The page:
Then one day there was a friendly, sanguine gentleman behind the Post Office counter who said, “I'm just filling in for Evelyn for a while.” He was close to retirement himself, and he came from quite some distance away but he held faithfully to Evelyn's schedule even in bad weather. When asked he would only say that he would be there for a month or two, but then four months went by, and then two more. Evelyn disappeared almost completely from village life, and someone told me that she only left her house in the very early mornings to go down and do her shopping before hurrying back home again. “She makes it clear that she doesn't want to speak to anyone,” a village acquaintance told me. They went on to say they'd heard that her eyesight had failed to the point where she could no longer handle the computer work that went with every Post Office transaction. Far from going out on her own terms, she had been forced into retirement and it cut her deeply.


I didn't see Evelyn for months. It would have been presumptuous to knock on her door when she was still in hiding but I missed her. One day our paths finally crossed. Her steps slowed as I called out to her and I could almost read her thoughts. Would I question her about her retirement, bringing up an uncomfortable topic? Her hesitation and discomfort were evident and I was determined to put her at ease. Greeting her warmly, I never said a word about the Post Office. We talked about her roses – she is an avid gardener – and we had a nice long chat in the sunshine. As we wound up our conversation I told her that I was happy I'd seen her, and how good it was to have had a catch-up. We parted ways and her bright, “Cheerio, cheerio!” was almost back to her normal, well, cheeriness.

The force of nature that she'd been was somewhat diminished but the more she emerged in the following months, the more comfortable she became in her new role as the village's former Postmistress. Nowadays she is back to her old engaging and friendly self. I don't say this about many people, but I do adore Evelyn, and she is one of the many women I aspire to be like in many ways. She must be just over eighty years old now, but she is unstoppable.


As it turns out, she got out of the Post Office gig just in time. Sadly, the government is shutting down as many small Post Offices as it possibly can, and they are either being closed completely or integrated into shops if there's a shop willing to take on the enormous amount of work (without any increase in pay). Our Post Office was first taken over by a local woman who ran it beautifully with the help of two assistants (I wonder what Evelyn thought of that!), but it was lost to them in a mass of bureaucratic nonsense and bad-faith dealing by the powers that be. We fought for our Post Office, but to no avail. We are fortunate to still have a Post Office of sorts through a local shop but the services are much-reduced, and I have to watch every move they make, as – through no fault of their own – the shop staff are wont to make mistakes that could be detrimental to my business. Their training is minimal and shop turnover is high, so there's always someone new being trained by someone only slightly less-new. Alas, the high standards, the confidentiality and the professional services we so recently enjoyed are quickly becoming a thing of the past.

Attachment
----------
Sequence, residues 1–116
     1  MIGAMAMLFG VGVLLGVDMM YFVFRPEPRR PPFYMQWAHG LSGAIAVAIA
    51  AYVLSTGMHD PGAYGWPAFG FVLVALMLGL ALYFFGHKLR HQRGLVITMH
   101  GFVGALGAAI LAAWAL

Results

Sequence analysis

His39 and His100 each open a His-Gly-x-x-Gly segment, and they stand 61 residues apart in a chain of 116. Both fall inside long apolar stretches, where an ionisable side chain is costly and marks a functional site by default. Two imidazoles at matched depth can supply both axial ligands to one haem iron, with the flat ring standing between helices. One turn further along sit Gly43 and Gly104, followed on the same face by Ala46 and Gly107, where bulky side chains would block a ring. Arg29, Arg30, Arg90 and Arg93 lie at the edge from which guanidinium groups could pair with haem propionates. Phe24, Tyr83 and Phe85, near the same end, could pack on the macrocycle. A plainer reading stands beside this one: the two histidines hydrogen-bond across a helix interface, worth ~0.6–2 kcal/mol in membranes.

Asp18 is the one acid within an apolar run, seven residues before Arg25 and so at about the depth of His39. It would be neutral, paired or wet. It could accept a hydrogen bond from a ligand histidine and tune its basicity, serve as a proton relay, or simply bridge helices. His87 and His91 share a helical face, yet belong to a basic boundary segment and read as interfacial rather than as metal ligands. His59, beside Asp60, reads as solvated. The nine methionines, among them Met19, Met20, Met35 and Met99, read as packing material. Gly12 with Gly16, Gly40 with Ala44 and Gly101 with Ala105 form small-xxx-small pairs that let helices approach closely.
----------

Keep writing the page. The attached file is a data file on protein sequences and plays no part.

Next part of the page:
In hindsight I'm glad that Evelyn retired when she did even though she hadn't wanted to just yet. Her eyesight let her down but she was spared the betrayal of an organization that she had served so well for nearly all her working life. Not only that... I'll bet her holiday season is much more relaxed these days, as well!


Deb Segelitz
Deb Segelitz was born and raised in Pennsylvania, and is astounded to find herself living in the Scottish Highlands. Equally surprising to her is that she now has a small business restoring and selling old fountain pens. These two facts have convinced Deb that life is either beautifully random, or filled with destiny created by someone with a sense of humor. She hopes the fine north state residents will accept her as an honorary member, since she has some cousins in California who she visited once, but even more importantly because the north state folks she actually knows are fabulous people, who are also the reason for her presence here on An enthusiastic amateur photographer, Deb is grateful that she lives in a place that's about as point-and-shoot as it gets. Her tortoiseshell cat, Smartie, rates her as an average minion, too slow with the door-opening but not too bad on the food-dish-refilling, and her husband hasn't had her deported back to the States yet, so things must be going all right there, as well.
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41 Responses

  1. Matthew Grigsby says:

    I will never, ever get tired of your yarns, weaving us a rich blanket of words and pictures. Evelyn sounds like good people, and familiar too, as I’m sure we all know someone similar.

    You’re capturing and sharing a way of life most of us will never know and I’m so happy you are. This is poetry.

    And that red door with the wreath?  LOVE!

    • Deb says:

      Thank you, Matt!  I’m so glad you enjoyed ‘meeting’ Evelyn!

      That house with the red door and wreath is down a set of outdoor steps from me, just around a corner or two.  Cheery door is cheery!

  2. Christopher Whedon says:

    Well done! A charming story!

  3. Beverly Stafford says:

    Charming indeed.  You and Sem are doing a sort of Evelyn in that you are being forced to make an unintended move.  I hope all is going well for you both.

    • Deb says: